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Believe - 2008 - "Yesterday Is a Friend"

(61:33, Metal Mind Records)


TRACK LIST:                                 

1.  Time 6:18
2.  Tumor 6:03
3.  What They Want Is My Life 8:01
4.  Mystery Is Closer 6:00
5.  You & Me 4:51
6.  Danny Had a Neighbour 5:17
7.  Memories 7:22
8.  Unfaithful 6:14
9.  Together 2:35


Mirek Gil – guitars 
Vlodi Tafel – drums 
Przemas Zawadski – bass 
Tomek Rozycki – vocals 
Satomi – violin 
Adam Milosz – keyboards 
Karol Wroblewski – flute 

Prolusion. In the last few years many Polish bands have made a great impact in the world of progressive rock, to the extent that some talk about Polish progressive rock in terms of a specific wave – or even a particular style – of music. Whether one supports that notion or not, there's no denying that a number of high-quality acts from Poland have been "discovered" by music fans in Western Europe and the US in the last few years. BELIEVE is among the most critically acclaimed of these bands. They formed in 2005, and released a highly praised debut album (“Hope to See Another Day”) the following year, quickly establishing for themselves a reputation as a quality act. "Yesterday Is a Friend" is their follow-up, released in 2008 by Metal Mind Productions.

Analysis. There's a certain atmosphere many Polish acts create that is highly compelling. The focus on melodies and atmospheres, the guitar solos seemingly filled with melancholy and emotion, the clean, slick yet highly expressive vocals utilized by many bands, and a certain element that isn't really tangible – a sound or an atmosphere that is hard to describe. There is something special about many of these recently formed Polish bands that make an impact on many listeners; some elements in their compositions that really make them sound like no other bands around. The guitar work of Mirek Gil is probably the most important element in the compositions on this release. The guitar solos will be the aspect that makes most of an impact for the general listener, I suspect; atmospheric, emotional and at times soaring guitar solos. They're not given a dominant role in these tunes for obvious reasons; the violin is the main solo instrument in this band, but the sound of those guitar solos is something really special. When listening closer to these songs, the most intriguing aspect of the compositions is the high degree of variation demonstrated by the guitar here. Believe likes to open their tunes with an acoustic guitar based melodic theme, and then the composition evolves as instruments are added and the song develops. Dark, drawn out distorted guitar chords and quirky riff patterns are elements added in most of these tunes alongside the acoustic guitar, but in many cases placed a bit back in the mix. When utilized, these chords and riff patterns are often used to enhance the texture of the song, but are also given a more dominating role in many segments. The violin is used extensively on all songs on this release, adding atmospheric layers to the verses and melodic bursts to build tension to segments in the song, and soaring and at times haunting soloing. Periodically it will harmonize with the guitar work, creating layered melodic passages of great beauty; at other times it will fulfill the same role towards the keyboards, but just as often the violin is used to contrast with other instruments or the general mood of the song, the light element contrasting with a darker one. Careful and intelligent use of keyboards softens the atmospheres on these songs, and the piano is utilized to strengthen the melody when it is used. Skilled drum-work, ranging from careful percussion elements to driving, tribal drum patterns, and just as skilled bass guitar playing form a firm foundation for these compositions, and Tomek Rozycki has a good and expressive voice. Lots could have been written on each of these aspects of the songs on "Yesterday Is a Friend" too – the musicianship is high quality all around, and all the instruments are given major roles in the compositions at one time or another. The violin and the guitar are the most striking features as I see it, hence the focus on these. In addition to the musicianship and the well-crafted atmospheres created, the compositions in themselves are a strength in their own right on this release. Multiple layered melody lines are the norm rather than the exception, and many of the songs evolve in surprising manners. There are an abundance of nuances and details to be discovered; this is one of those albums where you'll find one or more additional details in the tunes each time you listen to them for quite a long time. For me personally there's one element that doesn't make me hand out a top score for this release: There's a bit too much change going on, even if compelling and fascinating overall, and there's also a slight lack of cohesion in a few of these compositions. The soundscapes are intriguing, the moods and atmospheres are strong, but at times I feel like I'm listening to fascinating segments put together to form a tune rather than an integrated composition as such. As this is a complex piece of work with a large number of details to get familiar with, I suspect that this is a release that may grow on me in time though; this is one of those releases that in an ideal world should have been explored for a month or two prior to making an assessment.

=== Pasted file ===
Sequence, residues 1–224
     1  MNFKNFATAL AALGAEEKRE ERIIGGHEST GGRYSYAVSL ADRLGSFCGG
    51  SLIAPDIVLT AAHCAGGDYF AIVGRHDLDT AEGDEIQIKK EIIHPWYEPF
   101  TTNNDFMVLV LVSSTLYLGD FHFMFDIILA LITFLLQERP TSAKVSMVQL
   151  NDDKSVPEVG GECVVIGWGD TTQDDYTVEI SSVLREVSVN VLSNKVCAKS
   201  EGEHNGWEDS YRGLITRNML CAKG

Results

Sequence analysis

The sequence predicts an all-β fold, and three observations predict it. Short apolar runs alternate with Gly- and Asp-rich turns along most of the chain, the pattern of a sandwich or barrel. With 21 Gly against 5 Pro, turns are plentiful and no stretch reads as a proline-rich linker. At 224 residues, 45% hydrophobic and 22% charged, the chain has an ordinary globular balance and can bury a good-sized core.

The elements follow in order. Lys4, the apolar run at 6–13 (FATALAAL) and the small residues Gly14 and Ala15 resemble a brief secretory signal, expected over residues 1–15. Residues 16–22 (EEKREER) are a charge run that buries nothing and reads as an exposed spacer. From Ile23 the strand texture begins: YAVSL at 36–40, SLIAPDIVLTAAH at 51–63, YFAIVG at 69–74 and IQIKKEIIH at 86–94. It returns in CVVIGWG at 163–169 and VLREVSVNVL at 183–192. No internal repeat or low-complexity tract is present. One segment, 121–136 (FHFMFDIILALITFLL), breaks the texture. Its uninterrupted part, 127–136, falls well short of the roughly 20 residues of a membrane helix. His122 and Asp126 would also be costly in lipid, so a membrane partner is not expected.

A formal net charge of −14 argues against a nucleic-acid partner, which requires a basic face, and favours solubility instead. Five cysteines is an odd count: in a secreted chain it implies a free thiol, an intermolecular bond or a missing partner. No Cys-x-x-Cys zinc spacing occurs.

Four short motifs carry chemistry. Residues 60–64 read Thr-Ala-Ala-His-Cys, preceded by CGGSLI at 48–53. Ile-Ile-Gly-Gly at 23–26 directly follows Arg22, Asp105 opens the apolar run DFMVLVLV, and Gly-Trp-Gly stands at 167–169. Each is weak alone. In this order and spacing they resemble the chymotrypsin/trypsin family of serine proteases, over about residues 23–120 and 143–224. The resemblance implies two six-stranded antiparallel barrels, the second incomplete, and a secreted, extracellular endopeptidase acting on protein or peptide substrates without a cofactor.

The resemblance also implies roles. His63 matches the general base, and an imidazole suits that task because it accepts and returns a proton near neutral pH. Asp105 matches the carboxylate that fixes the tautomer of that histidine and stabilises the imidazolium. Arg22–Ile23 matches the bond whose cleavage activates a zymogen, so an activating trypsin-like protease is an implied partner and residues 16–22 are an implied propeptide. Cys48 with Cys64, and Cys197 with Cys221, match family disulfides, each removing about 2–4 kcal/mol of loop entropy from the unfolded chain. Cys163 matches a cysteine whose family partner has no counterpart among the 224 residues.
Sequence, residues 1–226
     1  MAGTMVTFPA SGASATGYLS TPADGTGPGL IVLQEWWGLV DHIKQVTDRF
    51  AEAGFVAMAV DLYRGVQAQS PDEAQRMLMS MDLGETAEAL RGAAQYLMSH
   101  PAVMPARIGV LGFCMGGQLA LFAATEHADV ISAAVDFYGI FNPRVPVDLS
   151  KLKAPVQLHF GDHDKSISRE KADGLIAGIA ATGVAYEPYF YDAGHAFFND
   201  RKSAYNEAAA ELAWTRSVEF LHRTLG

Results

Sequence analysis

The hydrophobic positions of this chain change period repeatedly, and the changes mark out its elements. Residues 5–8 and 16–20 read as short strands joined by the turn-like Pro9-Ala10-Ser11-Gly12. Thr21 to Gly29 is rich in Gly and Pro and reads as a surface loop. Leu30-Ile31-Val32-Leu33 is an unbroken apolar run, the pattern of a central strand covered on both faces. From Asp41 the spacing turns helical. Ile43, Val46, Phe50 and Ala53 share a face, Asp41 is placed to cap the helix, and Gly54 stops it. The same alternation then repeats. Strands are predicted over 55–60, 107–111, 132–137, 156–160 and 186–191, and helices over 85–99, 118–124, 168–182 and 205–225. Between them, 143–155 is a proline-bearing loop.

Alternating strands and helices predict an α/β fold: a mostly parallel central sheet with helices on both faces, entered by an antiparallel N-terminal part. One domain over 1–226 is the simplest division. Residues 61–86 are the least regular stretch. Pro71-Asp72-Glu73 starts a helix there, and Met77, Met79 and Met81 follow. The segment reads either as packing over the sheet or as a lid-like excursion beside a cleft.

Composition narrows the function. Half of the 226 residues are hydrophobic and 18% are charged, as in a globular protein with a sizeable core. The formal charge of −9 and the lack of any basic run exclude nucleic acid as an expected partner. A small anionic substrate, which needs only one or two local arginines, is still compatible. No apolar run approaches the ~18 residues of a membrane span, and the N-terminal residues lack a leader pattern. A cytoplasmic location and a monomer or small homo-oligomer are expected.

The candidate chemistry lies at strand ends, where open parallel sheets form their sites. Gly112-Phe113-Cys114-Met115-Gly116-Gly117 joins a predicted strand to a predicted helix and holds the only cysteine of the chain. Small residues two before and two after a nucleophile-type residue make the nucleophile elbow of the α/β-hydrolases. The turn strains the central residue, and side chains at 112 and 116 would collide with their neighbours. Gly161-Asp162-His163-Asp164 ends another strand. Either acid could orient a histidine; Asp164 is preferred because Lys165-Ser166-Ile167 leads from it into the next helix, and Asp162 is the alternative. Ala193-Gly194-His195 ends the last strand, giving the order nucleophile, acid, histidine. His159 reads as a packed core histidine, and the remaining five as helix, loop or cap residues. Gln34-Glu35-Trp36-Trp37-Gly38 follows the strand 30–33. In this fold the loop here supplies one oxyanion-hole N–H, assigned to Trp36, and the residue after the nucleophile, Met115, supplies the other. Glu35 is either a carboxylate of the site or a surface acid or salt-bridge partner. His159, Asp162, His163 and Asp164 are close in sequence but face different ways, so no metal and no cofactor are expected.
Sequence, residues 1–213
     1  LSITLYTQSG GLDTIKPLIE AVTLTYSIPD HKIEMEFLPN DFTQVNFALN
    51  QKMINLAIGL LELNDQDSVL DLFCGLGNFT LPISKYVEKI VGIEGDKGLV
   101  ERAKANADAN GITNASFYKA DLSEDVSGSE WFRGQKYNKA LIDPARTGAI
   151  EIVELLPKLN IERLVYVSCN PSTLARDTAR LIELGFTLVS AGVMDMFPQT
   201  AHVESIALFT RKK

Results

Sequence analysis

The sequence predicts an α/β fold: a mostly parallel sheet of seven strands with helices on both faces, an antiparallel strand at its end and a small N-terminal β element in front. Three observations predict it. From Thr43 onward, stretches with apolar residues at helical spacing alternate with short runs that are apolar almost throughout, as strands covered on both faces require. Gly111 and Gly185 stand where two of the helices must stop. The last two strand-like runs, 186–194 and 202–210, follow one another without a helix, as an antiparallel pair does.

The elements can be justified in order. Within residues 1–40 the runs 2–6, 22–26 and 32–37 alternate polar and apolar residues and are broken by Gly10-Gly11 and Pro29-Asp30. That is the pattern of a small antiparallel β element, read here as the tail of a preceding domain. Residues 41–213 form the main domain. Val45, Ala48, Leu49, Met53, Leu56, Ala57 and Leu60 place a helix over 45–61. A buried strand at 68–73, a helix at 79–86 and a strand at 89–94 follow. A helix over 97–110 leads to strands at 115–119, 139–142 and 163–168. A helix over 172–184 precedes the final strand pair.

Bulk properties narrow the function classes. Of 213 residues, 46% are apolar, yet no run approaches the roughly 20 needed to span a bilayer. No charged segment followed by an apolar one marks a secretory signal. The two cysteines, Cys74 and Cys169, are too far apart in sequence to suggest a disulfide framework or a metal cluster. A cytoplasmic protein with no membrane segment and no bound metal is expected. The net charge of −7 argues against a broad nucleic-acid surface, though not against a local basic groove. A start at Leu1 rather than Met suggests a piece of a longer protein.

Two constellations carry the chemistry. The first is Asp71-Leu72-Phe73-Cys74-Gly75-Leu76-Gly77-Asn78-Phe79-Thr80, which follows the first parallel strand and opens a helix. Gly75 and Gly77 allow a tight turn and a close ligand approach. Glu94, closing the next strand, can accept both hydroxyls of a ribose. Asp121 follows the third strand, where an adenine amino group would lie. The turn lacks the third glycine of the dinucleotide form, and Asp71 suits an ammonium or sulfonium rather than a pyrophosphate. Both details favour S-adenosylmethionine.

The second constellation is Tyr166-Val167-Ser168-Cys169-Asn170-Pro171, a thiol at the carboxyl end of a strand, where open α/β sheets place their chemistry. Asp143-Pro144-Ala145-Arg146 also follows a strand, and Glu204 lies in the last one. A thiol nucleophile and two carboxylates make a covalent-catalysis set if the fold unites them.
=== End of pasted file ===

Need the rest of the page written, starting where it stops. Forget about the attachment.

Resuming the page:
Conclusion. Fans of melodic progressive rock should have a field day with this release, in particular those already existing fans of Believe and other recent Polish progressive rock acts. The focus on mood, atmosphere and melody should appeal to most fans of neo-progressive rock as well, and I would think that for many of them this will be regarded as one of the best releases of 2008.

OMB: September 14, 2008
The Rating Room

Related Links:

Metal Mind Records


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